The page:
Tuesday, October 16, 2012

Celiac Is Not a Four-Letter Word

Those with Celiac disease along with those who are gluten intolerant (or anyone with a food allergy for that matter) know the looks and the sometimes not so kind comments those who are gluten free often get. For me, that behavior is totally unacceptable! 

There is a difference between making an off-handed comment that does not sit well with the intended receivers and someone simply opening their mouth and revealing a mountain of stupidity. When folks charged with the responsibility of knowing about dietary issues and the dangers—some life threatening—of food allergies make flagrantly ignorant comments, my bristles stand on end.
Those the ignorant refer are not faceless! We have names and value
Two of the dumbest comments made to date concerning Rick’s gluten intolerance came our way. Until a couple of weeks ago, I had been confident nothing could top the reply of a minimum wage hostess at a local diner last spring. When we inquired about the possibility of a gluten free menu, her response was—and I quote—“All of our menus are in English.”
The comforting news about that comment was at least that gal was at the bottom of the food chain. The two most recent declarations of monumental ignorance came from folks making the big bucks to know better.
Rick was really glad when I was out of ear shot when a local physician espoused that “Folks are just making too much of this gluten thing.” No, I’m not kidding. I would feel much better if I were.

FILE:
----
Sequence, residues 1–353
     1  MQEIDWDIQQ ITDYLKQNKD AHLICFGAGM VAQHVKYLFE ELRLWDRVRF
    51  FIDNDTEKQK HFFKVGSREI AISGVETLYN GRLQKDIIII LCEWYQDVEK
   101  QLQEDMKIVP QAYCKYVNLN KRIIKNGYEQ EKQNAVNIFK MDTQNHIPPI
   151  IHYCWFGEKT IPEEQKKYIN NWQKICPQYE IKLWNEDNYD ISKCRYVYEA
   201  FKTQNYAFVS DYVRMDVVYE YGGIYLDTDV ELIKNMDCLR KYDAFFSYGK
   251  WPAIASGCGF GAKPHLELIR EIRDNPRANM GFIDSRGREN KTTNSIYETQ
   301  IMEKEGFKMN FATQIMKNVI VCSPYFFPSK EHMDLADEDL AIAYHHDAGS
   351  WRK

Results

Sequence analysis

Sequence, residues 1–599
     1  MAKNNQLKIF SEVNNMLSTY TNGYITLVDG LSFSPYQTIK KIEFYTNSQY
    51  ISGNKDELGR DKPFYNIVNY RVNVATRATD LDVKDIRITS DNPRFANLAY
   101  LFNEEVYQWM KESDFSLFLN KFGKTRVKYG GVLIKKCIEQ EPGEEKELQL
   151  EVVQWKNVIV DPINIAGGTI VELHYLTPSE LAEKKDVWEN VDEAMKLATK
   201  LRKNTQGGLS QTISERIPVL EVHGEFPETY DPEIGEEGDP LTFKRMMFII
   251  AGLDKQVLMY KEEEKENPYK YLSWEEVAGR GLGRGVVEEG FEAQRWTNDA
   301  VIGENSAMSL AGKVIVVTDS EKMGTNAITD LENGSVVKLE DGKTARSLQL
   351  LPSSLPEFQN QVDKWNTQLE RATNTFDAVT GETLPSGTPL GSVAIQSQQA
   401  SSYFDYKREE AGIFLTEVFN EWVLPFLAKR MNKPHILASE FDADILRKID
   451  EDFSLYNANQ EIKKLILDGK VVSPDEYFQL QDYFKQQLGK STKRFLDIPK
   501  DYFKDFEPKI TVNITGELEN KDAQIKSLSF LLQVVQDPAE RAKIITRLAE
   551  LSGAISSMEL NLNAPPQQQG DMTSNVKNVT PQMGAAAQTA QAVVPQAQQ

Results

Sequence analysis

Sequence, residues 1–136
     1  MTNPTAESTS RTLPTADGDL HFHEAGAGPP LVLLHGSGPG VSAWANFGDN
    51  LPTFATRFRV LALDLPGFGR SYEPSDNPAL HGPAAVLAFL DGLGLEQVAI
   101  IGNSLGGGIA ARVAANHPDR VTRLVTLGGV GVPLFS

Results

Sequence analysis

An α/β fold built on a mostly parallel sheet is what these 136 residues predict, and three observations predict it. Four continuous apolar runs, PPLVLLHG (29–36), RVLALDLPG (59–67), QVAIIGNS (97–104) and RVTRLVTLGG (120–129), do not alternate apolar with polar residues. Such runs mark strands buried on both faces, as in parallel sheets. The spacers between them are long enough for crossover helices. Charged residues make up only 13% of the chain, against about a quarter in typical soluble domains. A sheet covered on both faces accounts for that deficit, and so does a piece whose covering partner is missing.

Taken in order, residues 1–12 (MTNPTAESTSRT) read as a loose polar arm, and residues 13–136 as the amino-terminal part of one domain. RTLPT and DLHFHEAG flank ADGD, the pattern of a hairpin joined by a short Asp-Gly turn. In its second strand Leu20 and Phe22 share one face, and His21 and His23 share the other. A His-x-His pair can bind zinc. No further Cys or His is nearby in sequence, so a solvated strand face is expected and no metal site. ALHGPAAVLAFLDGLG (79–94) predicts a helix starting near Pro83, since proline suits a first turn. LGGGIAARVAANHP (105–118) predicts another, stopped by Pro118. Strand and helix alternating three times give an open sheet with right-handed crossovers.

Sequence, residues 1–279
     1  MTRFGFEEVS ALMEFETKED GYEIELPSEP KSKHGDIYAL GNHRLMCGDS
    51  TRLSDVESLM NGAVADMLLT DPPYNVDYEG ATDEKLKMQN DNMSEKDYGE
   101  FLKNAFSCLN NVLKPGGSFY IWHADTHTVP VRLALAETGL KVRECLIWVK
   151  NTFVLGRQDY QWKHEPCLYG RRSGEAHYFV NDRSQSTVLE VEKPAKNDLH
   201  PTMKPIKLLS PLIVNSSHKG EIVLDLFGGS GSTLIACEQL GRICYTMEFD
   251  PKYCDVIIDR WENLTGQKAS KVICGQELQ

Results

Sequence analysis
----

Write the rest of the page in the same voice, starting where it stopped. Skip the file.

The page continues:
Yes, we have real, live, honest to goodness practicing physicians who make life-and-death decisions on a daily basis, but are obviously clueless about the connection between many health issues and diet. Graduating med school should be the beginning of the journey, not the end. This guy appears to have never picked up a medical book or looked at a professional magazine since putting the initials for medical doctor after his name.
Later, while in another social setting, a woman who just happened to be in the upper echelon of the food industry says casually after learning that Rick is gluten intolerant, “Well, that seems to be a very popular thing to have.” Livid, outraged and the list of my emotions go on from there. 
Okay, let’s review. Discounting the ignorance of the greasy spoon hostess who thought gluten free was a language, first we have a practicing physician as opposed to one that is retired and a food retail person that are absolutely clueless to the seriousness of Celiac disease and gluten intolerance and sensitivity. I can’t help but wonder just how many people have suffered at their hands because of what they do not know. That is way too scary for me.

Let’s look at the doctor first. Rick was very sick for years and years and years, even being hospitalized a couple of times, before accidentally being diagnosed as wheat and gluten intolerant. Within 72 hours after going gluten free, aka, nothing that went down the hatch including beer that contained wheat, oats, barley or rye, Rick was completely symptom free.
Seems to me there are a lot of ignorant physicians in this world. Understanding and recognizing the classic symptoms of Celiac disease is not JUST the responsibility of Celiac specialist; it is the responsibility of the entire medical community. 

Today, my good friend and colleague, Gigi Stewart at http://www.glutenfreegigi.com/ made a fool out of some idiot who, under the auspice of science showed his ignorance, I was remind there is still much work to be done where gluten intolerance and Celiac disease are concerned.

I thought about sharing this link, but that would mean giving this guy way too much attention. He needs to crawl back under his rock.

Bottom line: If you are Celiac, diabetic, or whatever, stand up proudly and announce to all around you about your special dietary needs. You will not be alone; I promise. Make your comrades a part of your care, especially when eating out or in any place where exposure is highly possible. 

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